Native to south-west Asia the giant hogweed grows 8 to 15 feet tall. The plant first appeared stateside in Michigan in 1917 and Britain in the 1800s. Giant hogweed spreads fast once it takes root. To eradicate large areas of the plant costs state programs money and time. Getting rid of the plant sometimes takes several years.
Dispose the plant properly because it's considered a public and hazardous waste plant. Contact your state's Department of Environmental Conservation for proper procedure.
Wear gloves (disposable if possible), goggles, hat, ski mask or other facial covering, long shirt and pants when removing any part of the Giant Hogweed.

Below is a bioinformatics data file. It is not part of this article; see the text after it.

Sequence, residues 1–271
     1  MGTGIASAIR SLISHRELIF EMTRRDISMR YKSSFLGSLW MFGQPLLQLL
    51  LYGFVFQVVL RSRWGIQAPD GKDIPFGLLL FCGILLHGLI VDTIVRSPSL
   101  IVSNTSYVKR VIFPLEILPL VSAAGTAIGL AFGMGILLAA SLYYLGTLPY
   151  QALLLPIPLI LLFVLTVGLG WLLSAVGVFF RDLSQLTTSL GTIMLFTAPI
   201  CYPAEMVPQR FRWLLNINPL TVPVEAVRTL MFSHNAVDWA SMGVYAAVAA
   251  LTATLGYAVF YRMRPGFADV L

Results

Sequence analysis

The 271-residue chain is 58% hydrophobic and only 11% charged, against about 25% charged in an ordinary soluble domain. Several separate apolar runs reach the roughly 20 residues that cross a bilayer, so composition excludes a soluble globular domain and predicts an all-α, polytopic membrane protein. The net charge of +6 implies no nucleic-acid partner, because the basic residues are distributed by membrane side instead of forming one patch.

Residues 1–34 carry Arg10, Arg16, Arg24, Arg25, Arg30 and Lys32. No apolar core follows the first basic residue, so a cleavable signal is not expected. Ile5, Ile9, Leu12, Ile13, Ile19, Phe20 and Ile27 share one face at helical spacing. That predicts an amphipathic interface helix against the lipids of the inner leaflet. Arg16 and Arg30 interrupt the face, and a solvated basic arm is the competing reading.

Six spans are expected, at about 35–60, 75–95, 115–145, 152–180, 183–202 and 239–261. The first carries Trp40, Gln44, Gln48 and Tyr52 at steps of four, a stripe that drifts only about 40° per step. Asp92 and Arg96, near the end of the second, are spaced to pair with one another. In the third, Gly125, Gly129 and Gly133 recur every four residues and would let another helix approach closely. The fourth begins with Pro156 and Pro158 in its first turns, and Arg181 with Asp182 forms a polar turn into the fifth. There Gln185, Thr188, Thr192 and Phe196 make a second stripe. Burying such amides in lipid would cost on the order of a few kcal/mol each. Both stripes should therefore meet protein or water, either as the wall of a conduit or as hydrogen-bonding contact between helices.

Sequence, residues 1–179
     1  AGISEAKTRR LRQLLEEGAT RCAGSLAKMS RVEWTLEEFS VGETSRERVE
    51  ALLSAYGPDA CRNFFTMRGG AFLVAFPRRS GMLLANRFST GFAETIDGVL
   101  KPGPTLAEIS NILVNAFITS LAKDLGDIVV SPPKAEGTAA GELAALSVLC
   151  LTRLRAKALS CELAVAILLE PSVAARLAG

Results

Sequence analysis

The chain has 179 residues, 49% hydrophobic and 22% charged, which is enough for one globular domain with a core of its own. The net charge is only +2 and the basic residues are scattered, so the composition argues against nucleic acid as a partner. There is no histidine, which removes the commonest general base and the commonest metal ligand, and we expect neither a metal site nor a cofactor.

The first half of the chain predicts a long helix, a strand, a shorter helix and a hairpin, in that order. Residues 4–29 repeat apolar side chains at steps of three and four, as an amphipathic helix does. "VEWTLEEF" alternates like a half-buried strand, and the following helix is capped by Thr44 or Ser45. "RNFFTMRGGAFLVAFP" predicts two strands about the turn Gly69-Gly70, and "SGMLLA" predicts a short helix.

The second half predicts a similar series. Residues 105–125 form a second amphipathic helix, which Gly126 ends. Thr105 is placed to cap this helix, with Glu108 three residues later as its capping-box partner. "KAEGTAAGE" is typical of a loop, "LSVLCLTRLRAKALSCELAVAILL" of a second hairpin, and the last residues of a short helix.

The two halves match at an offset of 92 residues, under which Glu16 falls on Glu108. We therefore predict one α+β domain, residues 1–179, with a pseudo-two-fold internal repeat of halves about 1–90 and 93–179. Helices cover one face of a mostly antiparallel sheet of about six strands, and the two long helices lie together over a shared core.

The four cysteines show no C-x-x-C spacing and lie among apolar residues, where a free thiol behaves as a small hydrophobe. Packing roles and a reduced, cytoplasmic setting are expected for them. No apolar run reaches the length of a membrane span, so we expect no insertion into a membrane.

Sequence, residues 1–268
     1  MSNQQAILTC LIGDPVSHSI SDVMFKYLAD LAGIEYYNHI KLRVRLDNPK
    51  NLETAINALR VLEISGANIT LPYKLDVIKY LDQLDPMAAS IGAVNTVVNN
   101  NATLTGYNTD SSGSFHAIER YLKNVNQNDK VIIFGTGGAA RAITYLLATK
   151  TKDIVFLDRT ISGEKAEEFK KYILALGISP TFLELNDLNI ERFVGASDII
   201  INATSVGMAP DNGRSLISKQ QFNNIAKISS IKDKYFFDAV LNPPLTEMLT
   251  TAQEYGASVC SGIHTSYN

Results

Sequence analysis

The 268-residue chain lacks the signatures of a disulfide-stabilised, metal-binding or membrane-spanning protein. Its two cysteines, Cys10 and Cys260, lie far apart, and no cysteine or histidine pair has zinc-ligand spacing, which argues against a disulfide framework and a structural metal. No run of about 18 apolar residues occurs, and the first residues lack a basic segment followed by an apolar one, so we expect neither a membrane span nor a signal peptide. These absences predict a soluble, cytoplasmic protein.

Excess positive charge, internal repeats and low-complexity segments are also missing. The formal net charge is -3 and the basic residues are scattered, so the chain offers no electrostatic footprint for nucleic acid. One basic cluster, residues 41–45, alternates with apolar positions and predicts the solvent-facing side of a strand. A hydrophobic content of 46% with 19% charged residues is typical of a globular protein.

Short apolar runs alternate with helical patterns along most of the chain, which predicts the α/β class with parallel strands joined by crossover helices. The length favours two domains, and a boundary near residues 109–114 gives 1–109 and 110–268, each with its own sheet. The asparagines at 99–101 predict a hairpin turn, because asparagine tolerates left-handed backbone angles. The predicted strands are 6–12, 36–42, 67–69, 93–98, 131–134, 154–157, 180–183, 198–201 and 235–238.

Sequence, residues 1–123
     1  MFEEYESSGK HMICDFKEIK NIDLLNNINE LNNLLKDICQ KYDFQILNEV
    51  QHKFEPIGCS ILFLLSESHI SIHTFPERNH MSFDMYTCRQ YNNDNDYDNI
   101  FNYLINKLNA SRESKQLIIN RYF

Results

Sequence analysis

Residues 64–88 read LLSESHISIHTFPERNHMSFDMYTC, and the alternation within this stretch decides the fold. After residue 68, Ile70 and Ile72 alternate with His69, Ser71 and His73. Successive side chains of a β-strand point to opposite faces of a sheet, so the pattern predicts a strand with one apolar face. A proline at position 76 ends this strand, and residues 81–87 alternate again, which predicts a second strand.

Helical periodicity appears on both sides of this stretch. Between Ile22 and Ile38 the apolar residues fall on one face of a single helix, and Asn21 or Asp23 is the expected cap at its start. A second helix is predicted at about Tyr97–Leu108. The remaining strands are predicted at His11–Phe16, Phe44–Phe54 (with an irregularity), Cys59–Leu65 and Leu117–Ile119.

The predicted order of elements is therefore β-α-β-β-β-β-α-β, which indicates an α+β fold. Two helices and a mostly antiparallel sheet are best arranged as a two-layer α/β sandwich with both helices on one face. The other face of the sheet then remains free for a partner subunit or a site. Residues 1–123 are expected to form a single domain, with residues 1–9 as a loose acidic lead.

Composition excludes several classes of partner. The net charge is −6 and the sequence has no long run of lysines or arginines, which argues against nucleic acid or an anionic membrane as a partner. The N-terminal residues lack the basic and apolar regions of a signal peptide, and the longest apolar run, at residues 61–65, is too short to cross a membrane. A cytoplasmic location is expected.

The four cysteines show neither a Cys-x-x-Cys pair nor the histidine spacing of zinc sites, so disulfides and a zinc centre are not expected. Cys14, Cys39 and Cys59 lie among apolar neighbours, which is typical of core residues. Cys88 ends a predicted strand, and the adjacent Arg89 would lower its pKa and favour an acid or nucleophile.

Cut the flower heads with a knife when they appear between May and June and before they turn to seed. The plant's seeds self sow and one flower produces several thousand seeds.
Handle a seeded flower head with care while cutting. Place a large open paper bag underneath the seeds to catch any that fall.
Sever the stalk near the ground carefully in early evening. The roots are hardy and difficult to dig up in larger plants, use a garden shovel to try after removing the stalk.
Buy the herbicide glyphosate produced under the brand names Roundup, Rodeo and Pondmaster and read the directions before applying. This effective control for the weed kills any other plants it contacts in the area.
Launder clothing after removing a stalk or flower head.
Report any sightings of giant hogweed to your state's Department of Agriculture and Department of Environmental Conservation.
Avoid skin contact with hogweed sap, a toxic chemical called furanocoumarin. The sap causes blisters, blotches and skin irritation, especially when exposed to sunlight and lasts up to a year.